wEBMT: Developing and Validating an Example-Based Machine Translation System using the World Wide Web
Andy Way | Nano Gough
Computational Linguistics, Volume 29, Number 3, September 2003: Special Issue on the Web as Corpus
The theme of controlled translation is currently in vogue in the area of MT. Recent research (Scha ̈ler et al., 2003; Carl, 2003) hypothesises that EBMT systems are perhaps best suited to this challenging task. In this paper, we present an EBMT system where the generation of the target string is filtered by data written according to controlled language specifications. As far as we are aware, this is the only research available on this topic. In the field of controlled language applications, it is more usual to constrain the source language in this way rather than the target. We translate a small corpus of controlled English into French using the on-line MT system Logomedia, and seed the memories of our EBMT system with a set of automatically induced lexical resources using the Marker Hypothesis as a segmentation tool. We test our system on a large set of sentences extracted from a Sun Translation Memory, and provide both an automatic and a human evaluation. For comparative purposes, we also provide results for Logomedia itself.
Empirical methods in Natural Language Processing (NLP) and Machine Translation (MT) have become mainstream in the research field. Accordingly, it is important that the tools and techniques in these paradigms be taught to potential future researchers and developers in University courses. While many dedicated courses on Statistical NLP can be found, there are few, if any courses on Empirical Approaches to MT. This paper presents the development and assessment of one such course as taught to final year undergraduates taking a degree in NLP.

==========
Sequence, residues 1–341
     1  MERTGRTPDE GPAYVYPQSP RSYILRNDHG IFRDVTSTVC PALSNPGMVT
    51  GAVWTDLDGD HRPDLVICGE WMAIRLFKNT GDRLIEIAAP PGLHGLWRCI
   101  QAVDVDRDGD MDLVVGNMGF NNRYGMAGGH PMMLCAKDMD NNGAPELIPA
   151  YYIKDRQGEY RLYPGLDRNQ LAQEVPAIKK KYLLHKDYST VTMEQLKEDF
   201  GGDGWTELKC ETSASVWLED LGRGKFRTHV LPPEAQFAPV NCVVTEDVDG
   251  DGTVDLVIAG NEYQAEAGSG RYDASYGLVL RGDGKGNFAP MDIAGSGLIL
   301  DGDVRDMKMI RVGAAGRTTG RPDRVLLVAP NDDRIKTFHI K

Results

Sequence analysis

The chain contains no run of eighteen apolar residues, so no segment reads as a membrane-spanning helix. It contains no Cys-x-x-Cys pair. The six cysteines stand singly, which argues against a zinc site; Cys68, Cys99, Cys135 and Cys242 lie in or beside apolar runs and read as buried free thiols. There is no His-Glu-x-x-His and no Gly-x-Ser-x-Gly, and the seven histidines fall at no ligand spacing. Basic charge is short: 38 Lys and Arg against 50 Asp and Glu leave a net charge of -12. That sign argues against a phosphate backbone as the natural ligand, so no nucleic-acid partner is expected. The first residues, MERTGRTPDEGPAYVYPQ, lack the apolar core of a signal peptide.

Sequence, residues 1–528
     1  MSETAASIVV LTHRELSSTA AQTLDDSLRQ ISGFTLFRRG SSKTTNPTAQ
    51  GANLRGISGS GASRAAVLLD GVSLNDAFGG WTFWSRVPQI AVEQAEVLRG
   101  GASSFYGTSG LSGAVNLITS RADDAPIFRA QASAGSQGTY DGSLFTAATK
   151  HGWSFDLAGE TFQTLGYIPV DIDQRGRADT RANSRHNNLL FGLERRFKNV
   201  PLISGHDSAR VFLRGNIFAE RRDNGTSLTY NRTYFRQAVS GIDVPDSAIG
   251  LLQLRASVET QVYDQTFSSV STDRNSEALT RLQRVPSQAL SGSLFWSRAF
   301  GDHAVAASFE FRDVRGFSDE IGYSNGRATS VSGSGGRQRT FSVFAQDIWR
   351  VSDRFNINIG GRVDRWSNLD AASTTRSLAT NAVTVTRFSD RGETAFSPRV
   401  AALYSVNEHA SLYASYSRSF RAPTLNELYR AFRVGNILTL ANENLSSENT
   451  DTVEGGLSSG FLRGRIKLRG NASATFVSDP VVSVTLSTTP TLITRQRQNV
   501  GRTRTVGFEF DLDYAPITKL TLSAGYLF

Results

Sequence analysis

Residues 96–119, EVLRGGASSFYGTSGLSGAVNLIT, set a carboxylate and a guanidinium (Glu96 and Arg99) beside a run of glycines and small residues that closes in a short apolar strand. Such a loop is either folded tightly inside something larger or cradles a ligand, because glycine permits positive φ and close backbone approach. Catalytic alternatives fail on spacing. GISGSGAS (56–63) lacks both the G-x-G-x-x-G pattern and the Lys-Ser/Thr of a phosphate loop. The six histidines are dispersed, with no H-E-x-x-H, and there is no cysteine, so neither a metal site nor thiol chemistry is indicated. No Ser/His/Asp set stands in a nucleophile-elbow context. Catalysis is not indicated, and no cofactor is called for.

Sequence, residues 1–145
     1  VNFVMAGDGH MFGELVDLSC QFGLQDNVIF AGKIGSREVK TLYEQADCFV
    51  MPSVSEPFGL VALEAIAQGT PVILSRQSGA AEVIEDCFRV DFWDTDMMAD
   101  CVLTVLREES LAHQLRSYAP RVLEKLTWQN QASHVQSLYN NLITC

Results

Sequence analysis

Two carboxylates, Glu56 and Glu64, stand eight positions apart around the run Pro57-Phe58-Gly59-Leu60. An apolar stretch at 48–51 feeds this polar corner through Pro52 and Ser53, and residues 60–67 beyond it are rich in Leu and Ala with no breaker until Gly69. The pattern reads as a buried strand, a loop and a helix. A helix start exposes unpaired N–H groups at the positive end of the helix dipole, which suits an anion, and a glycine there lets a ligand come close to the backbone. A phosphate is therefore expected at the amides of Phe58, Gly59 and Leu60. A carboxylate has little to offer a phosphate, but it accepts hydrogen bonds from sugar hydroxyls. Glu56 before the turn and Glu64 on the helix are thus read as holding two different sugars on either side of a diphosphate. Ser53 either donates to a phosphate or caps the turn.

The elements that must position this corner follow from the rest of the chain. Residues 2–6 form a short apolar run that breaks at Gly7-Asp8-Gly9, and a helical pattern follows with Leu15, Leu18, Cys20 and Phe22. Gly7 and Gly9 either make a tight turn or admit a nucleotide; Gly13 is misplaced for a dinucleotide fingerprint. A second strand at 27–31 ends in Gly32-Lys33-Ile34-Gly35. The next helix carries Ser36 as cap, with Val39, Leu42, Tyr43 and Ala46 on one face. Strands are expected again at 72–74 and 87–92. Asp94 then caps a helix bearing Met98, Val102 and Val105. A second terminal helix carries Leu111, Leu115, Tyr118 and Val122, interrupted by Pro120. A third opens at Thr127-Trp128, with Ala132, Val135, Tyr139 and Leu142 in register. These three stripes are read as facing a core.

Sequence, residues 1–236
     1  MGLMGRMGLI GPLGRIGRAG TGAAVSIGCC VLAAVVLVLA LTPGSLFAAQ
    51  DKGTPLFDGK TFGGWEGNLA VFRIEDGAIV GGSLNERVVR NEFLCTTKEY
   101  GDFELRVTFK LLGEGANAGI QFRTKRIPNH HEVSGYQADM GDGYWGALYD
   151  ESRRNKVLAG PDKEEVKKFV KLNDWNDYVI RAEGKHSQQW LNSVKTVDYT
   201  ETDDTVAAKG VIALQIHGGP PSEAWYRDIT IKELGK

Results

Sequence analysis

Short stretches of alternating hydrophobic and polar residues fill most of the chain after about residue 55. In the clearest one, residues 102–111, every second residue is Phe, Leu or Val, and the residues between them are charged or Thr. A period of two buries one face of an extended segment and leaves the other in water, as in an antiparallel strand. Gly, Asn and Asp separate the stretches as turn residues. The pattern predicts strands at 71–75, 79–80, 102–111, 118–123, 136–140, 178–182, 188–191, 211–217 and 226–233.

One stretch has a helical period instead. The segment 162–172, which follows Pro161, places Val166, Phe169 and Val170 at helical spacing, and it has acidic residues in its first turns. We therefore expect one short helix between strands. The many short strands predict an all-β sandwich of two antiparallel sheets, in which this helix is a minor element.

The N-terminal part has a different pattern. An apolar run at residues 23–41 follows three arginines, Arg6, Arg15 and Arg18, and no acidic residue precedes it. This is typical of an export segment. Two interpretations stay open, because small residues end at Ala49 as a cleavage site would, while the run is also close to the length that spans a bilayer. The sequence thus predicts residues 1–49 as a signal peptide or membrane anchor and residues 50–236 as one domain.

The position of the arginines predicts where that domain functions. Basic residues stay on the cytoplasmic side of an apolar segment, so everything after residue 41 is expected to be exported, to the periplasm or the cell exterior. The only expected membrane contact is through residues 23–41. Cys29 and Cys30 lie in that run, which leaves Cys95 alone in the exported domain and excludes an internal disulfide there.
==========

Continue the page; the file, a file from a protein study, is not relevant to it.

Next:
One of the limitations of translation memory systems is that the smallest translation units currently accessible are aligned sentential pairs. We propose an example-based machine translation system which uses a ‘phrasal lexicon’ in addition to the aligned sentences in its database. These phrases are extracted from the Penn Treebank using the Marker Hypothesis as a constraint on segmentation. They are then translated by three on-line machine translation (MT) systems, and a number of linguistic resources are automatically constructed which are used in the translation of new input. We perform two experiments on testsets of sentences and noun phrases to demonstrate the effectiveness of our system. In so doing, we obtain insights into the strengths and weaknesses of the selected on-line MT systems. Finally, like many example-based machine translation systems, our approach also suffers from the problem of ‘boundary friction’. Where the quality of resulting translations is compromised as a result, we use a novel, post hoc validation procedure via the World Wide Web to correct imperfect translations prior to their being output to the user.